It’s time to take a full swing at best ball season, as there is no better way to prepare for redraft fantasy football. No start-sit decisions or waiver wire means the only path to victory is a draft built on optimal roster construction that identifies the right players.
Instead of ranking and sorting players based on median projections, we should be seeking the right mixture of players throughout our roster — those that offer either the capability to explode on any given week or provide consistent lineup-filling performances.
To identify these players, we will use tiers as opposed to rankings, as the latter always shows an equal gap between all players but there can be a drastic drop off between certain players. The correct approach utilizes tiers to identify when value drops off in a draft, along with data points to highlight the type of players you should be targeting in best ball formats.
A player's standard deviation highlights the range of outcomes the player is capable of. A higher standard deviation indicates a more boom-or-bust type of player, while lower can be viewed as a more consistent weekly fantasy scorer.
Starting week is how many times in 2020 that player put up a top-12 fantasy performance as a quarterback or tight end or a top-30 fantasy performance as a running back or wide receiver.
Top fantasy weeks are the ones that separate you from other fantasy teams, with a quarterback or tight end finishing in the top three at their respective positions and a running back or wide receiver finishing in the top five.
Description of Column Headers
|Underdog ADP as of May 29
|Player's standard deviation of Underdog Fantasy points scored since 2017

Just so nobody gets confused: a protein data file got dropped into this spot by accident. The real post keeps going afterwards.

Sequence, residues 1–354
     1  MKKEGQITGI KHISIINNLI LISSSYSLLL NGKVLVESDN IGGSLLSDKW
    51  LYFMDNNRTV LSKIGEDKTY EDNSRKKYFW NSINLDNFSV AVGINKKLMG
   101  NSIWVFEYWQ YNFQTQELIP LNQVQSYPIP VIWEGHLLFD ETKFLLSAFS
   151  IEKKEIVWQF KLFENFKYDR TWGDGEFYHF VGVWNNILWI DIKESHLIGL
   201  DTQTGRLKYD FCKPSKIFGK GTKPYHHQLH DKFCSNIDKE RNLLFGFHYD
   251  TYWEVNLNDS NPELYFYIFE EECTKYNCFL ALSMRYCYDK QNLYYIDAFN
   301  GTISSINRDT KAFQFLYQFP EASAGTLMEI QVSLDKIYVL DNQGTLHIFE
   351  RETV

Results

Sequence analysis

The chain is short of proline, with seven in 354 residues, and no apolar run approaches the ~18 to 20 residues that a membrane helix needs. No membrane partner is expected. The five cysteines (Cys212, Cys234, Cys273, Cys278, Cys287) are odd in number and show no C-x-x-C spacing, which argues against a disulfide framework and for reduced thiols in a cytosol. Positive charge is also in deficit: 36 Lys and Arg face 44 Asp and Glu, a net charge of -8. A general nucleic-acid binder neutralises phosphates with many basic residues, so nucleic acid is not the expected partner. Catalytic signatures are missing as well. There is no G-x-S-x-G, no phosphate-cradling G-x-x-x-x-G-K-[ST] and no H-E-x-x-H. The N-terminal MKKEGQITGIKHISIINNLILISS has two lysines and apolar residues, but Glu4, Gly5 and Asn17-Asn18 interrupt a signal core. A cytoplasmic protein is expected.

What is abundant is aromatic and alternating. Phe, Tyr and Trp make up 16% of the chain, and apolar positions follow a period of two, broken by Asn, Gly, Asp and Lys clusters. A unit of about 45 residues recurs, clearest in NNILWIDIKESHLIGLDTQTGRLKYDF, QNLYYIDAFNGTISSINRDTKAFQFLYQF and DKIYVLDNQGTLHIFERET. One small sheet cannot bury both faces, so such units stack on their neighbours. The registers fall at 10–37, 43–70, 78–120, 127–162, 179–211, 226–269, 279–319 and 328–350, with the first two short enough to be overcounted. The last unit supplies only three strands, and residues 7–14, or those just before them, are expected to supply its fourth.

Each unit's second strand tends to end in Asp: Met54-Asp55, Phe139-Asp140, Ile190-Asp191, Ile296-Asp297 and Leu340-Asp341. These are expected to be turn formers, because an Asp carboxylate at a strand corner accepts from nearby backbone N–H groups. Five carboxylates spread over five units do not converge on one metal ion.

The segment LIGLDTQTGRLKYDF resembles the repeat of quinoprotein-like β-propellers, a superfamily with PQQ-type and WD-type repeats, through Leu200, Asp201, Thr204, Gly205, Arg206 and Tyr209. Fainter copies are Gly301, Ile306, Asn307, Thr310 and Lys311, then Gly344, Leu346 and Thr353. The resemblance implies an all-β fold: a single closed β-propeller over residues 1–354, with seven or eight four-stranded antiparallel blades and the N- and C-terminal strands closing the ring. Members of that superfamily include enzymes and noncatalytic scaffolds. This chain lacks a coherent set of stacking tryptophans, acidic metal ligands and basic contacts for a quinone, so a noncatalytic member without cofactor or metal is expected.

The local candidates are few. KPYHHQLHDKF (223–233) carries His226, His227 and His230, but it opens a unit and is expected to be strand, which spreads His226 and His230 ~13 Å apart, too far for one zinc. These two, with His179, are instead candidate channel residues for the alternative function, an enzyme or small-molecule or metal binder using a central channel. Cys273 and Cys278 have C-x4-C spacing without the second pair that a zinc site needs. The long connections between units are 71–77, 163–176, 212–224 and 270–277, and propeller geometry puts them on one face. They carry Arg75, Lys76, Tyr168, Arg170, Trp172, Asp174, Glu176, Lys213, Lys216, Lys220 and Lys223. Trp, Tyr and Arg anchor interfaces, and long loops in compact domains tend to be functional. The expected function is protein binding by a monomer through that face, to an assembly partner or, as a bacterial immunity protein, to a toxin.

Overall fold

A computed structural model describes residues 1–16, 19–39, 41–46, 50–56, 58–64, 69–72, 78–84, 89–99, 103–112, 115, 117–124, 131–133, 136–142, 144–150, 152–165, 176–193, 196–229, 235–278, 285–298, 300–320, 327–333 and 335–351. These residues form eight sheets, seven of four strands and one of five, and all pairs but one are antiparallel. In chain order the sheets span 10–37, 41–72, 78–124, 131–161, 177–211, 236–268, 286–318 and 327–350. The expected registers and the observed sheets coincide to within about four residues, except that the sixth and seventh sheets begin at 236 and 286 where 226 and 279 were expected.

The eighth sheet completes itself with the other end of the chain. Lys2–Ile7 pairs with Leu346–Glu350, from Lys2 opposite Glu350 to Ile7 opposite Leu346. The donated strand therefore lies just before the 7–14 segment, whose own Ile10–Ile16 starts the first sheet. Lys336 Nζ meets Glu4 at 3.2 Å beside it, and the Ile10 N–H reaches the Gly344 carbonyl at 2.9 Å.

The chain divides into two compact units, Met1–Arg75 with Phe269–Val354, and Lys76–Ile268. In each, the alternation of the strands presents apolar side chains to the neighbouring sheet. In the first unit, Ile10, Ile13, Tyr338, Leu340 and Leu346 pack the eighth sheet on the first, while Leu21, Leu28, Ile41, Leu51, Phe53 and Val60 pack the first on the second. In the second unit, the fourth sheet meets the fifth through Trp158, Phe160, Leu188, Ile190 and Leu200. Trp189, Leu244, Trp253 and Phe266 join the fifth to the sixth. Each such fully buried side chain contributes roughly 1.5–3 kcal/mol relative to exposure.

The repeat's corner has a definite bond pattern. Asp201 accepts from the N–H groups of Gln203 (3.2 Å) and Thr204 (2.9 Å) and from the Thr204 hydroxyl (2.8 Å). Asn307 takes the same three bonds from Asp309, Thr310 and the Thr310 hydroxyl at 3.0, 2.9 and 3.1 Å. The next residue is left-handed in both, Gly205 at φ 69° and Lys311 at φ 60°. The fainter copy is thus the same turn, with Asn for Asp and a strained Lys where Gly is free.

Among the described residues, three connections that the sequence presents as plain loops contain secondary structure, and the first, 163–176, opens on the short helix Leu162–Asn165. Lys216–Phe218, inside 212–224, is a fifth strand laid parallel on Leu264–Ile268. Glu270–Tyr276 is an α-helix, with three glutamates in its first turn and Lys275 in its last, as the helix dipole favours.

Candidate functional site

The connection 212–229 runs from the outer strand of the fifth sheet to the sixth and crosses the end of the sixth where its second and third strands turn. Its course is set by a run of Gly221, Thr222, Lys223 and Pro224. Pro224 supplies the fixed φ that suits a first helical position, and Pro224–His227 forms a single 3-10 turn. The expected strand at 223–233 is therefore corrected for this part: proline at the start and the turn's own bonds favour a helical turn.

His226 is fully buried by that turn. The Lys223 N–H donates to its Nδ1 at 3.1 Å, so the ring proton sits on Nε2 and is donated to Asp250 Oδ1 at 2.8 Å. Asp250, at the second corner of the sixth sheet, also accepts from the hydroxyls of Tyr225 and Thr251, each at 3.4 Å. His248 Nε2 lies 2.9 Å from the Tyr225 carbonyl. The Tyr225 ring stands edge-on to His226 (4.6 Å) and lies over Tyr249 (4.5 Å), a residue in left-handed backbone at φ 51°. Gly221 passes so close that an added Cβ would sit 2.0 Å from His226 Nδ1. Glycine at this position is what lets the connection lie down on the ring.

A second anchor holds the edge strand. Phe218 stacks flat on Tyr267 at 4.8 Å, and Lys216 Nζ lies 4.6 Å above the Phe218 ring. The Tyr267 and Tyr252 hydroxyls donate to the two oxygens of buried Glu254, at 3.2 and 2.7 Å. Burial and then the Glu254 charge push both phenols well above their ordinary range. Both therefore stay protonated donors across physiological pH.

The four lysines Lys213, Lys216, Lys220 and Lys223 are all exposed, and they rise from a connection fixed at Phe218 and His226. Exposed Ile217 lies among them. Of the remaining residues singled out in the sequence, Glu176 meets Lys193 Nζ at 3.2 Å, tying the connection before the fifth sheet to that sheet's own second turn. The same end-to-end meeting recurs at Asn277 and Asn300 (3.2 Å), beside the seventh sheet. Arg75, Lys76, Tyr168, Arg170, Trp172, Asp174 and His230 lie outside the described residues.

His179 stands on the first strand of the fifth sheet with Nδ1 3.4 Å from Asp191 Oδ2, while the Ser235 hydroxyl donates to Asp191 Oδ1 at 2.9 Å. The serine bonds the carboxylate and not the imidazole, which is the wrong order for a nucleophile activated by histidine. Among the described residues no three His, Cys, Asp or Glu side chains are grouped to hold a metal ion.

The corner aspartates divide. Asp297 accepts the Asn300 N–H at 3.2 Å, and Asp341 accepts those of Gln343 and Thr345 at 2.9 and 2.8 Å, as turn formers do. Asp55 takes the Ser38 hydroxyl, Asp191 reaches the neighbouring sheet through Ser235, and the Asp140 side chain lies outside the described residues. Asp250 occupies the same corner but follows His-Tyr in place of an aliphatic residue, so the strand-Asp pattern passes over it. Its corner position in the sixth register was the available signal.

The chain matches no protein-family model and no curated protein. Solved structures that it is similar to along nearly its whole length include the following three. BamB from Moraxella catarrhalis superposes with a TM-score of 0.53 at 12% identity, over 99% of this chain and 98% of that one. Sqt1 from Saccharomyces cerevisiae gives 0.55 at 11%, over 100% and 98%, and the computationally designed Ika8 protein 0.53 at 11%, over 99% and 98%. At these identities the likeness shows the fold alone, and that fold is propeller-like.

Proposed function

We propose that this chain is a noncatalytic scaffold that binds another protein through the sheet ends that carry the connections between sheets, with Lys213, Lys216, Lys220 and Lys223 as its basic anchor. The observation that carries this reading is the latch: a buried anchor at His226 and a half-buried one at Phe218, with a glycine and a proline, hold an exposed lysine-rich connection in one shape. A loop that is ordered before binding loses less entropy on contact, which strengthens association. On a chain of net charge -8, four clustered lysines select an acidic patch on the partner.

|Player's mean Underdog fantasy points scored since 2017
|Percentage of starting fantasy weeks when playing in 2020
|Percentage of top fantasy weeks when playing in 2020
Rookie numbers are from the 2020 FBS season. For more information on strategy to prepare for best ball drafts, check out the PFF 2021 Best Ball DraftKit. You can find more 2021 best ball rankings broken down by either round or positional group by PFF analysts Andrew Erickson, Ian Hartitz, Nathan Jahnke, Jarad Evans and Kevin Cole.
TIER 1 – Only Injuries can stop us
If you can feel confident in any draft pick, it has to be one of the first five running backs off the board, who are all ensured significant touch percentages any game they are healthy. Outside of injury concerns, nothing will slow the top three, but an additional argument can be made against the final two.
Derrick Henry has the highest deviation in fantasy scoring due to his touchdown dependency and lack of passing game involvement. If the Titans take a step back in offensive efficiency, he could be the top-five pick that doesn’t pay off in fantasy.
Alvin Kamara is no longer operating as Drew Brees’ security blanket and may not see 100 targets again after having 21.6% of his targets coming as a checkdown or second read in 2020. Flameis isn’t exactly known for checking the ball down, and Taysom Hill could opt to use his legs more frequently than Brees ever did, which is enough to dampen expectations on Kamara’s total targets. Our current fantasy projections have him slated for 85 total targets, and if he falls short of that he won’t pay off his high ADP.
TIER 2 – Chiefs’ Pass-Catchers & Borderline WorkHorse Running Backs